HAVE you noticed everyone is talking about the credit crunch and the global recession these days?
Not a day passes without hearing further news about job losses, banks going bust, well-known companies folding-up and attempts by global leaders to implement measures to stop the global financial meltdown.
This is all very well but no one seems to be interested in the elephant in the room – the global ecological credit crunch. An issue that will have catastrophic consequences for the future of humanity.
From the global to the local level we have stamped our footprint on the natural world. We have over-exploited natural resources, degraded ecosystems, and caused mass extinction of some species while endangering others. Our long-term survival is dependent on having access to food, water, air and energy yet we seem intent on irreversibly damaging our life support system.
A look at the current state of the planet provides a bleak picture. A United Nations assessment of the global situation shows that over the past fifty years we have caused more ecological damage than in any other period in human history. The extent of our willful destruction is becoming ever more evident. Global warming is resulting in changes to the climate system, which could have catastrophic consequences for humanity. The hole in the ozone layer over Antarctica is now larger than ever, allowing harmful ultraviolet radiation to reach the earth endangering human health, marine organisms and food production.
Fifteen out of 24 major ecosystems are being degraded or used unsustainably. Habitat destruction is threatening more than 16,000 species with extinction. Over-exploitation of aquatic ecosystems is putting the future use of marine and freshwater fisheries at risk. Unsustainable land use is causing soil erosion and desertification while the quantity and quality of freshwater is declining, increasing the likelihood of water scarcity in certain regions of world. Our exposure to environmental pollution is responsible for nearly one-quarter of all diseases contributing to respiratory illness, some types of cancers, vector-borne diseases and emerging animals to human disease transfer.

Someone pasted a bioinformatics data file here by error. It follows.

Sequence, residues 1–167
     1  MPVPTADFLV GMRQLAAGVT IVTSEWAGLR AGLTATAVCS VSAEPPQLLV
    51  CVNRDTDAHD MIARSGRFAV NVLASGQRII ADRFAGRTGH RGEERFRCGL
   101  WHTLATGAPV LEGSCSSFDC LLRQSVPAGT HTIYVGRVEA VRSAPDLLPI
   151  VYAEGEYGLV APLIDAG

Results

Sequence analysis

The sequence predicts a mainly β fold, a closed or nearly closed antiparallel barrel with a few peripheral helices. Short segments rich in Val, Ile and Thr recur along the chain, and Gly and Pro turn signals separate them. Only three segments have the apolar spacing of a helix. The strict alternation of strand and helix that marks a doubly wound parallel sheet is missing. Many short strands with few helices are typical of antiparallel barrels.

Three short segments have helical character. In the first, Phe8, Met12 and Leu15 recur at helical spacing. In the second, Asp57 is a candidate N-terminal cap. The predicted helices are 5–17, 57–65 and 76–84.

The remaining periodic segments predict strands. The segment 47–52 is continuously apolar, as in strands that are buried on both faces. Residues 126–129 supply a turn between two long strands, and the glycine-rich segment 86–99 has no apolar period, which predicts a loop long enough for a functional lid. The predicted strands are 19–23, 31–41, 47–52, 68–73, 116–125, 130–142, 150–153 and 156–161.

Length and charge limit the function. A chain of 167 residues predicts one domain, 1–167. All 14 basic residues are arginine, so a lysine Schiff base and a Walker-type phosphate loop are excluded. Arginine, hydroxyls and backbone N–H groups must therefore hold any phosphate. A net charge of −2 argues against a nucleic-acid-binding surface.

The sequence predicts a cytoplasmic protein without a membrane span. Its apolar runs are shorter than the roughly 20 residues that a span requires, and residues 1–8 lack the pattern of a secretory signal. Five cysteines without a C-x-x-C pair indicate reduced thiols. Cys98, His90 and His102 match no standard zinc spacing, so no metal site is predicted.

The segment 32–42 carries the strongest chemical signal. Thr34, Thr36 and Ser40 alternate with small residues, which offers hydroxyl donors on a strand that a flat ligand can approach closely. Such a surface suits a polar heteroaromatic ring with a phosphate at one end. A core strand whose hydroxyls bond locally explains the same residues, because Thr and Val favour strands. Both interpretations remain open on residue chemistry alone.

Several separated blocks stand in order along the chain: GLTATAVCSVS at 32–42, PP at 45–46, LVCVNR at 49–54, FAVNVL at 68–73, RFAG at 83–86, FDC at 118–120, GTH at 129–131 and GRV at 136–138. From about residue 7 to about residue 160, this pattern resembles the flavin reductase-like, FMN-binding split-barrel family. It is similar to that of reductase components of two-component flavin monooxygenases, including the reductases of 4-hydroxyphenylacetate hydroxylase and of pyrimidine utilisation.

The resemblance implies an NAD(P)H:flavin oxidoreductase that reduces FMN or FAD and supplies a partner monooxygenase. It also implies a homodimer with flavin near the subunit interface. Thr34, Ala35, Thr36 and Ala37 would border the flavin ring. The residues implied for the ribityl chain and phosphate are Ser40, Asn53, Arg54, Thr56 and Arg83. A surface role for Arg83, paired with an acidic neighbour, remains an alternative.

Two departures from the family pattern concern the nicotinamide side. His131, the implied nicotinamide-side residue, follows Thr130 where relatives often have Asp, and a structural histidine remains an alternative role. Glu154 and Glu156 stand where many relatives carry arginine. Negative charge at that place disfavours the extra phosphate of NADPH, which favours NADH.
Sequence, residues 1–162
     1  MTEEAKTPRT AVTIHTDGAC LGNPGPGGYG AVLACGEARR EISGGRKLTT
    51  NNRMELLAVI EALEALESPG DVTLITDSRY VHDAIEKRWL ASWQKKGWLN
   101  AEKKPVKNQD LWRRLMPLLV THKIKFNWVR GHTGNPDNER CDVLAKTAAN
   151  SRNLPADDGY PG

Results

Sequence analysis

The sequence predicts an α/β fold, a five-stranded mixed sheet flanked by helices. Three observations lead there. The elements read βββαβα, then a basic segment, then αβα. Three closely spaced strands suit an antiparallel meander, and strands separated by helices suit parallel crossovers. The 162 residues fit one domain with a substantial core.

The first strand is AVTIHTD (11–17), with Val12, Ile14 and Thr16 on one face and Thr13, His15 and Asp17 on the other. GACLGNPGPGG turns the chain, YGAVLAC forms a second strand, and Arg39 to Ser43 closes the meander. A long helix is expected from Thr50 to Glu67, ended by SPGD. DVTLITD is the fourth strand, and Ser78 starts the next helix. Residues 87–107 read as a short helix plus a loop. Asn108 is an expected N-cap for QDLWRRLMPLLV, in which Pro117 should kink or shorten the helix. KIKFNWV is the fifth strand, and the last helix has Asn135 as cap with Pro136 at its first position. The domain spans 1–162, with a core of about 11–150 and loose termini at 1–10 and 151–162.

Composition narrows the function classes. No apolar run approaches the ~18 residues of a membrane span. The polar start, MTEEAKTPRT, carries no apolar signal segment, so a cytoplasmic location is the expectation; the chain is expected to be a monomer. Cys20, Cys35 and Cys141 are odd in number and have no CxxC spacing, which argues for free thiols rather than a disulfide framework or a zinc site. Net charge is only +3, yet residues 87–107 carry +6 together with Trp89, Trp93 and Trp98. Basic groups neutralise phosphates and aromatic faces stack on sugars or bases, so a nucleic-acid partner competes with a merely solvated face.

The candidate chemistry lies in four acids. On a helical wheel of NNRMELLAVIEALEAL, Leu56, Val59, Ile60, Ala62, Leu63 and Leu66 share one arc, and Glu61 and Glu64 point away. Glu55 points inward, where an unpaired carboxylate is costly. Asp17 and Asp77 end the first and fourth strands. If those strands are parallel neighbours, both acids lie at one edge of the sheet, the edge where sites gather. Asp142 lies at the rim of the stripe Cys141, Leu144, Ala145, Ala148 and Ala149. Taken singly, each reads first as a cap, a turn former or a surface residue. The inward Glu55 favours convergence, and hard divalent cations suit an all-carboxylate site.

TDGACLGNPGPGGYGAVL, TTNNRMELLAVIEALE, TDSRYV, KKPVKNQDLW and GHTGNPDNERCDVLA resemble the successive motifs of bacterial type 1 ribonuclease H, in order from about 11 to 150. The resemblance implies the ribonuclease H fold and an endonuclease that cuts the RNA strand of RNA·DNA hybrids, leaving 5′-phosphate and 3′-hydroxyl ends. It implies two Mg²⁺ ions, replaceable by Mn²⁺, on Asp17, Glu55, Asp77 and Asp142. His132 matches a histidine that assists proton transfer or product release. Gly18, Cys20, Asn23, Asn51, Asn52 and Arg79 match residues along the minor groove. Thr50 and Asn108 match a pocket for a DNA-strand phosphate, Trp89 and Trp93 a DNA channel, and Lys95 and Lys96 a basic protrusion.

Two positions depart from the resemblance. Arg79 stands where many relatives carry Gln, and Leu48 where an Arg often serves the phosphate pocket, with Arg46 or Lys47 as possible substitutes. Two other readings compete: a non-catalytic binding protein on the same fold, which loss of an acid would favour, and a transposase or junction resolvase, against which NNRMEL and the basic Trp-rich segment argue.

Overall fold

According to the Worldwide Fund for Nature´s (WWF) Living Planet Index we are degrading natural ecosystems at a rate unprecedented in human history. The Index measures trends in the Earth’s biological diversity and enables the health of ecosystems to be monitored. Since 1970 the biodiversity fell by about 30 per cent due to pressures of population growth, economic activities and consumption patterns.
Over the past 45 years, our demands on the planet have more than doubled. In 1961, nearly all countries in the world had more than enough capacity to meet their own demand. However, the situation had radically changed by 2005 with many countries able to meet their needs only by importing resources from other nations.
The demands of our increasingly globalised, industrialised, high consuming society have overloaded the planet’s natural ability to absorb, replenish and restore. We are now drawing on our ecological capital rather than living off nature’s interest. Habitat destruction and permanent loss of productivity are threatening both biodiversity and human wellbeing.
If we continue with the slow, steady growth of economies and populations then by the mid-2030s humanity’s demand on the planet will be twice its productive capacity. At this level of ecological deficit, exhaustion of ecological resources and large-scale ecosystem collapse will become increasingly likely. If we carry on regardless with our current level of consumption then by early 2030s we will need two planets to keep up with the demands we place on the planet.
If we have any hope of addressing the global ecological credit crunch then world leaders will need to start taking it seriously. They will need to give as much attention (if not more) to the elephant in the room as they are to the current financial crisis.
© Gary Haq 2009